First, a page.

After the referendum, the Michigan Supreme Court determined that any emergency managers then in office were acting under old Act 72. In response, the Michigan legislature passed Act 436.
All of which is a long way of saying that no court has determined whether Act 436 or any of its predecessors is unconstitutional.
You can find the arguments supporting unconstitutionality on the website of the law firm that represented the plaintiffs in Brown, here. If you read these, remember that you are looking at only one side of the argument, and that it doesn’t specifically address the provisions of Act 436.
What would be the State’s arguments for constitutionality? I don’t know all of the arguments, but I would expect the State to say that this kind of supervision is necessary for the public health, safety, and welfare. Ensuring the public health, safety, and welfare is one of the responsibilities given to the State in the Michigan constitution, so if they can prove that Act 436 does indeed do this, then they have cleared one big hurdle on the way toward proving constitutionality. If you decide to look at the statute, MCL 141.1543 is where you find the “legislative findings” that will be used to support the State’s arguments.
1. Who appoints an emergency manager?
It’s not that simple. First the State Treasurer conducts a review to determine if a city is under “probable financial stress”. MCL 141.1544 says the Treasurer “may” conduct a review under certain specified circumstances; it does not require him to conduct a review. If there’s no review, the process for appointing an EM doesn’t even begin.
The specified circumstances (listed in that same section) include such things as the city requesting a preliminary review; a creditor (defined in the statute) requesting a review; a specified number of local voters submit a written request; the Treasurer is notified that the city has failed to pay wages, compensation, or benefits for 7 days or more after the scheduled date of payment; the city is delinquent in distributing to other jurisdictions the tax revenues that it collected for those jurisdictions (for example, if the city collects taxes for the school district and fails to send the money to the school district). There are a bunch of other things; none of them are minor.
Before starting the preliminary review, the Treasurer must notify the city. Then there are deadlines for completing the review and requirements for providing it to the city. After the review is completed, there is a board that determines whether probably financial stress exists. If it makes that finding, the governor appoints a review team that makes a further investigation and reports to the governor that a financial emergency does or does not exist.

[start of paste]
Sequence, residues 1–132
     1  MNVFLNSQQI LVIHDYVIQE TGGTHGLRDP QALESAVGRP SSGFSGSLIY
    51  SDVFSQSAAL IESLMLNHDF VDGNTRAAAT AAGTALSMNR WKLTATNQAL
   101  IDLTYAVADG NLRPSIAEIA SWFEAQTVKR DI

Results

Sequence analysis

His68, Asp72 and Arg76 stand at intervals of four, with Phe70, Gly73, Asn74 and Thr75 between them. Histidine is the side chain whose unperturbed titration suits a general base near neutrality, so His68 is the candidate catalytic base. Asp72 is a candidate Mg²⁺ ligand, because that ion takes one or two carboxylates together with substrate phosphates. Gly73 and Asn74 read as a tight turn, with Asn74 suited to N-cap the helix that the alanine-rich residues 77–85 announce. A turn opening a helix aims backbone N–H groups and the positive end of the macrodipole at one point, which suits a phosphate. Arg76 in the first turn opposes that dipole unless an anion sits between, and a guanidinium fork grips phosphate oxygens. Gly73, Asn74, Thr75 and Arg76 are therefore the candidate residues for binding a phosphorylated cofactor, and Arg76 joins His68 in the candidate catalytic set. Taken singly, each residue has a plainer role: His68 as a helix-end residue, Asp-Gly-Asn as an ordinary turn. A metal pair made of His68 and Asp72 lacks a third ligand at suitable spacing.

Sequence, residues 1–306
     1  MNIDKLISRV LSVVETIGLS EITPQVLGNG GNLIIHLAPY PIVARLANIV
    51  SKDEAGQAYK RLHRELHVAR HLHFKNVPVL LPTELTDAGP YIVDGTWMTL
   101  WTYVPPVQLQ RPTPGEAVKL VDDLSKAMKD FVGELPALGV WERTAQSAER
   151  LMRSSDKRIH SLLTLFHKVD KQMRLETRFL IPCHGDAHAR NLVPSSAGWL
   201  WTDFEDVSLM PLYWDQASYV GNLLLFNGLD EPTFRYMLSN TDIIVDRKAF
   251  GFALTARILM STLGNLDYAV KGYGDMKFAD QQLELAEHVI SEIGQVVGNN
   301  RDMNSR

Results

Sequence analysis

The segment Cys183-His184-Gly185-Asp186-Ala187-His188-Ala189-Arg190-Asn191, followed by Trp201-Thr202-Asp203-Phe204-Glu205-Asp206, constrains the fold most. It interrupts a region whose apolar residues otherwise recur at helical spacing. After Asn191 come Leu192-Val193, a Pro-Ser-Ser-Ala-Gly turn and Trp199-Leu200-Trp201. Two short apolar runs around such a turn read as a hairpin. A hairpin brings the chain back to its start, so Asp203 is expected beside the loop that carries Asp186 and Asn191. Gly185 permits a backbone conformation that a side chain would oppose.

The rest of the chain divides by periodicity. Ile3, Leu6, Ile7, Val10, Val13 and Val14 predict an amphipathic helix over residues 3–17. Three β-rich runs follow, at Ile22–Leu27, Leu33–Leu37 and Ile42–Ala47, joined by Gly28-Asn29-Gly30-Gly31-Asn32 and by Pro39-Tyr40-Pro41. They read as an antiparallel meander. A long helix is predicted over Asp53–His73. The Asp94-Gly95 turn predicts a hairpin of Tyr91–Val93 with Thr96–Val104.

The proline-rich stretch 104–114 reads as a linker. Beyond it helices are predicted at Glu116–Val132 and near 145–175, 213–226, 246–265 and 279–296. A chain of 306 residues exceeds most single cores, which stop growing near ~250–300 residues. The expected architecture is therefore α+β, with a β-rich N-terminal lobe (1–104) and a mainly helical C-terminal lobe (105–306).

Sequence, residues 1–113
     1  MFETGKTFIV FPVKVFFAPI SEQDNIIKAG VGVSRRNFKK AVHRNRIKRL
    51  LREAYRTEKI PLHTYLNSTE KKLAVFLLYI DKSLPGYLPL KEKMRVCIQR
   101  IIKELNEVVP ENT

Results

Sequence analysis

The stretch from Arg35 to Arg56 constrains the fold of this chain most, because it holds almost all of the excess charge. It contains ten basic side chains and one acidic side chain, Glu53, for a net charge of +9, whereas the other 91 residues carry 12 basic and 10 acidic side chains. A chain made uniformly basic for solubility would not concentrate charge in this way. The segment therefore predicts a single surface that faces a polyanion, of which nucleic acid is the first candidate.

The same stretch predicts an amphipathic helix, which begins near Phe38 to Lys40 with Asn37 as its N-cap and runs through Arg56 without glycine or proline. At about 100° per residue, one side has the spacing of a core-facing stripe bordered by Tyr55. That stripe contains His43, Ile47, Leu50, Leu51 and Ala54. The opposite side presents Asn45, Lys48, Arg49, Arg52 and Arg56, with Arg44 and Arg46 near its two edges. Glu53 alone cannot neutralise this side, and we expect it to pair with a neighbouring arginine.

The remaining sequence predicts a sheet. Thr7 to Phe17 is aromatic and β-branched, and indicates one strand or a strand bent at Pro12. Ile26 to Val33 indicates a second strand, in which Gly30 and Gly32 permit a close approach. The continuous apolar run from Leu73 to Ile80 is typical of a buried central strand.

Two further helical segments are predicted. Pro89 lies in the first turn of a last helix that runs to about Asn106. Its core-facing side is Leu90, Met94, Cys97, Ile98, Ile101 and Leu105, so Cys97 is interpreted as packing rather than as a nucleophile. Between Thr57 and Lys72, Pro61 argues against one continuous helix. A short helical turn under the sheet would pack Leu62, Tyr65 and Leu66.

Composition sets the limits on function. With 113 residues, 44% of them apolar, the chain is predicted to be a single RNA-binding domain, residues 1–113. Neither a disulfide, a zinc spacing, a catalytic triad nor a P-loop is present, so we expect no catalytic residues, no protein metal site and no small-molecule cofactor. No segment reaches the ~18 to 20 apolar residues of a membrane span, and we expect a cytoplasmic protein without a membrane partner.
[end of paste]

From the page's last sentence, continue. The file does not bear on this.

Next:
Based on the review team’s report, the governor determines whether a financial emergency exists. The city may request a hearing to be conducted by the State Treasurer. After the governor’s determination is final, the city may appeal the determination to the Michigan Court of Claims.
At this point, the city has four options (MCL 141.1547).
- It can enter into a consent agreement with the State about how its deficiencies will be resolved;
- it can agree to appointment of an emergency manager (this is like appointing a receiver);
- it can request the “neutral evaluation process” (this is like going into arbitration);
- it can elect to file Chapter 9 bankruptcy.
Only after that whole process is completed can the emergency manager be appointed.
2. What is the status of the elected officials (the city council in Detroit) while the emergency manager is in charge?
The city council is not dissolved, although they are not authorized to exercise any of the powers that are granted to the EM unless the EM authorizes them to do so. MCL 141.1549. Also, their compensation is suspended during the term of the receivership, unless the EM provides otherwise in the financial and operating plan. MCL 141.1553
3. Can the emergency manager dismiss elected officials?
If a local elected official fails to “abide by” the terms of Act 436, the EM may recommend to the State Treasurer and attorney general that the official be removed. The official is entitled to notice and hearing. The State Treasurer may then recommend to the governor that the official be removed, and the governor may remove him. MCL 141.1567
4. Can the emergency manager sell the city’s assets?
Yes, if the sale is specified in the financial plan prepared by the EM and submitted to and approved by the State Treasurer and the governor. MCL 141.1552 However, a general vote is needed for the EM to sell a “public utility furnishing light, heat or power”. No mention of water and sewer departments!
5. Can the emergency manager abrogate labor contracts?
Only under certain conditions and after meeting certain requirements, including meetings with the bargaining representatives. MCL 141.1552. The statute allows the EM to modify, terminate, etc, “1 or more terms or conditions”, so the EM can pinpoint the changes that need to be made to help alleviate the financial emergency. However, the EM is explicitly prohibited from modifying or deleting any provision of a collective bargaining agreement that authorizes payment of a death benefit to a policy officer or firefighter killed in the line of duty. MCL 141.1555
6. Can the emergency manager impose new taxes?
MCL 141.1568 specifically says: “This act does not give the emergency manager or the state financial authority the power to impose taxes, over and above those already authorized by law, without the approval at an election of a majority of the qualified electors voting on the question.”
So there you have it - probably more than you ever wanted to know. But to those who may be still reading, I’ve already stated my position on the EM issue: “I would rather see a skilled EMF trying to work things out with unions and creditors, than watch a dysfunctional city council do nothing for another umpteen years and keep adding to the city's $18 billion debt.”